G-topology

While p-adic numbers and other non-archimedean fields may be complete with respect to the norm topology induced from their non-archimedean valuation, this topology is generally not a useful topology on the affinoid domains over these spaces. For instance analytic continuation does not in general exist for these topologies.

To remedy this (Tate 71) introduced a Grothendieck topology for such analytic spaces with respect to which there is a good analytic geometry, namely what is called *rigid analytic geometry*.

This is simply the Grothendieck topology whose coverings are the covers by affinoid domain embeddings. It should probably be called the *Tate topology*. But in (Bosch-Güntzer-Remmert 84,section 9.1.4) it is called the *G-topology* (where actually “G” is short for “Grothendieck”…) and since then that name stuck.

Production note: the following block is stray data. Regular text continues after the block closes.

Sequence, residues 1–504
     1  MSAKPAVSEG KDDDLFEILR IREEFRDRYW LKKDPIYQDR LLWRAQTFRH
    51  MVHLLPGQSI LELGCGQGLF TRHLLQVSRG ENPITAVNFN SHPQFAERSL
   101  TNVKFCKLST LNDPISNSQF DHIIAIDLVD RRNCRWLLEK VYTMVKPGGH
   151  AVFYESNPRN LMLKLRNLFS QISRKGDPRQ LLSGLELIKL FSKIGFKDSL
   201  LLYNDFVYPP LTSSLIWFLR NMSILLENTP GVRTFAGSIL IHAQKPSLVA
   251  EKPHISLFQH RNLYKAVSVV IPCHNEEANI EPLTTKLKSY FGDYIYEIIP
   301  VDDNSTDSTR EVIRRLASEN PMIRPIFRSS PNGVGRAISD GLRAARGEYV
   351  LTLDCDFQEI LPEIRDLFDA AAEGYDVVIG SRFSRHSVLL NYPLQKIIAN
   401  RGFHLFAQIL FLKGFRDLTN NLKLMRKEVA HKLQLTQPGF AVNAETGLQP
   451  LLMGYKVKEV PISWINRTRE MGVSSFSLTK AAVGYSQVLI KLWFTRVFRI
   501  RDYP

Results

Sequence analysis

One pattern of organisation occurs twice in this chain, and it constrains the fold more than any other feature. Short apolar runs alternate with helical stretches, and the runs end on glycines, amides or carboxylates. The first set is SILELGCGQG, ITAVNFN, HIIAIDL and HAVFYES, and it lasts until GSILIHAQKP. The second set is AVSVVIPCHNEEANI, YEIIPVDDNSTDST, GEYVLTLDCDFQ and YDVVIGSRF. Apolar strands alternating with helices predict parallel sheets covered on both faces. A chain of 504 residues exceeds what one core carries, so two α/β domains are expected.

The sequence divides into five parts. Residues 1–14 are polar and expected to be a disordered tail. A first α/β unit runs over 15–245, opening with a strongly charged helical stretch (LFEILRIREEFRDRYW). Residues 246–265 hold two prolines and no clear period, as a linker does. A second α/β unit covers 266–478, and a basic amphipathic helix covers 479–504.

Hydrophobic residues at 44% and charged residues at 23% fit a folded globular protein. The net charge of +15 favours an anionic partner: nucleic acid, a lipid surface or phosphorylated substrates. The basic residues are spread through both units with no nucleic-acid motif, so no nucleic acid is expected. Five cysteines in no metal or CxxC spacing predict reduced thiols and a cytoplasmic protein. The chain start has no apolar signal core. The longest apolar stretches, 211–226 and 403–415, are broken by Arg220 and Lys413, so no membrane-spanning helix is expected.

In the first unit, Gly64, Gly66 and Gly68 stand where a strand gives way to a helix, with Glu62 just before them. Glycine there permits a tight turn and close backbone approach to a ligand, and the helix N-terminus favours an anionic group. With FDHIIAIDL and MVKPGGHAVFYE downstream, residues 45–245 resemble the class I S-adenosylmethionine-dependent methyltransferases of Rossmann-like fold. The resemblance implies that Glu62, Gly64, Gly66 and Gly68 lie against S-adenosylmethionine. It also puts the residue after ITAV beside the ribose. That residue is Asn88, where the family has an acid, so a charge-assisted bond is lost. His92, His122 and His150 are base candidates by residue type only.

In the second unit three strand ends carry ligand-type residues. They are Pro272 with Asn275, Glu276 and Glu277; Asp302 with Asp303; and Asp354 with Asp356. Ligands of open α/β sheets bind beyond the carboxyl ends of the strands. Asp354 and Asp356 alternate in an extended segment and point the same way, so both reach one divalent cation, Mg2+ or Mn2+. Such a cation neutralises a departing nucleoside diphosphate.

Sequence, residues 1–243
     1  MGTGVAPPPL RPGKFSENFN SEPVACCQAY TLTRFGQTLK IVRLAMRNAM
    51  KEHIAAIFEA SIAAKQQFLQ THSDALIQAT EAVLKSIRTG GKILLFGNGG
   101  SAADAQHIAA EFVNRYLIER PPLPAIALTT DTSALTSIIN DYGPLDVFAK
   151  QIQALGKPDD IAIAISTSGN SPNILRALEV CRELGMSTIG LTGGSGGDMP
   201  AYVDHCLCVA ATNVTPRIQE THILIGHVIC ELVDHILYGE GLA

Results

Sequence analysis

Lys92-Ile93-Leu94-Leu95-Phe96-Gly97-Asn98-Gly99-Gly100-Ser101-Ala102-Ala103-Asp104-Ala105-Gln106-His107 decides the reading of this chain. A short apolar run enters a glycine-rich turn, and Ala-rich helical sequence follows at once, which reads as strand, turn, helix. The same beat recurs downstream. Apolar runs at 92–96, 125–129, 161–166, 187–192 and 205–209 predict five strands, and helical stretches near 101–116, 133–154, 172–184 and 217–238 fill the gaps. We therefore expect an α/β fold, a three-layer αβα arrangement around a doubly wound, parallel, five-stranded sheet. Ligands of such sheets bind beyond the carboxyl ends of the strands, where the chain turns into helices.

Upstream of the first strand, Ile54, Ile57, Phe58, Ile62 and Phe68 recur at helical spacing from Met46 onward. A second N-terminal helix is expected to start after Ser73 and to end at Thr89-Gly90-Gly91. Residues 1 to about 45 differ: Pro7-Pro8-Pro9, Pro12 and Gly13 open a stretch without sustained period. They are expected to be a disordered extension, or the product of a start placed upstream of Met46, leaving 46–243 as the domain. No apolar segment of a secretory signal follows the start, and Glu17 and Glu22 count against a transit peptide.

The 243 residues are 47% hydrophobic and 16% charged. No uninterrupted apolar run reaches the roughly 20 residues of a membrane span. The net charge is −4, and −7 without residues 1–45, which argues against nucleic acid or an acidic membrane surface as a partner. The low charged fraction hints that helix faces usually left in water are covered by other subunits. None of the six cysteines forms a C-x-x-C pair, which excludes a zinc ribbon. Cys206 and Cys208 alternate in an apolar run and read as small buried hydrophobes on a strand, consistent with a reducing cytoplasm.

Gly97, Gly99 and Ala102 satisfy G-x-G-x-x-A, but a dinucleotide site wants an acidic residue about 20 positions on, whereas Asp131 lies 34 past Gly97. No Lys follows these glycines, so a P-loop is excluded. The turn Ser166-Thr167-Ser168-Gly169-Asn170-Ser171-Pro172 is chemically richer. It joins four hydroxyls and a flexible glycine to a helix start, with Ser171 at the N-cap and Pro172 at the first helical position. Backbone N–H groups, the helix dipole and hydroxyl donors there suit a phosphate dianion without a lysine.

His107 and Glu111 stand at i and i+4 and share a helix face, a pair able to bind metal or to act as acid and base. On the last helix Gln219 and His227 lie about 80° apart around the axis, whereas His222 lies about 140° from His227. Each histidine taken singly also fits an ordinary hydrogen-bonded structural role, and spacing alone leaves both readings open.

The concept was introduced in

- John Tate,
*Rigid analytic spaces*, Invent. Math.**12**:257–289, 1971

A standard textbook account is in section 9 of

- S. Bosch, U. Güntzer, Reinhold Remmert, section 9.1 of
*Non-Archimedean Analysis – A systematic approach to rigid analytic geometry*, 1984 (pdf)

Lectures notes in the context of Berkovich analytic spaces include

- Vladimir Berkovich, section 3.2 of
*Non-archimedean analytic spaces*, lectures at the*Advanced School on $p$-adic Analysis and Applications*, ICTP, Trieste, 31 August - 11 September 2009 (pdf)

In theorem 8.14 of

- Oren Ben-Bassat, Kobi Kremnizer,
*Non-Archimedean analytic geometry as relative algebraic geometry*(arXiv:1312.0338)

the G-topology is re-derived from more general abstract grounds.

Last revised on May 28, 2021 at 08:22:49. See the history of this page for a list of all contributions to it.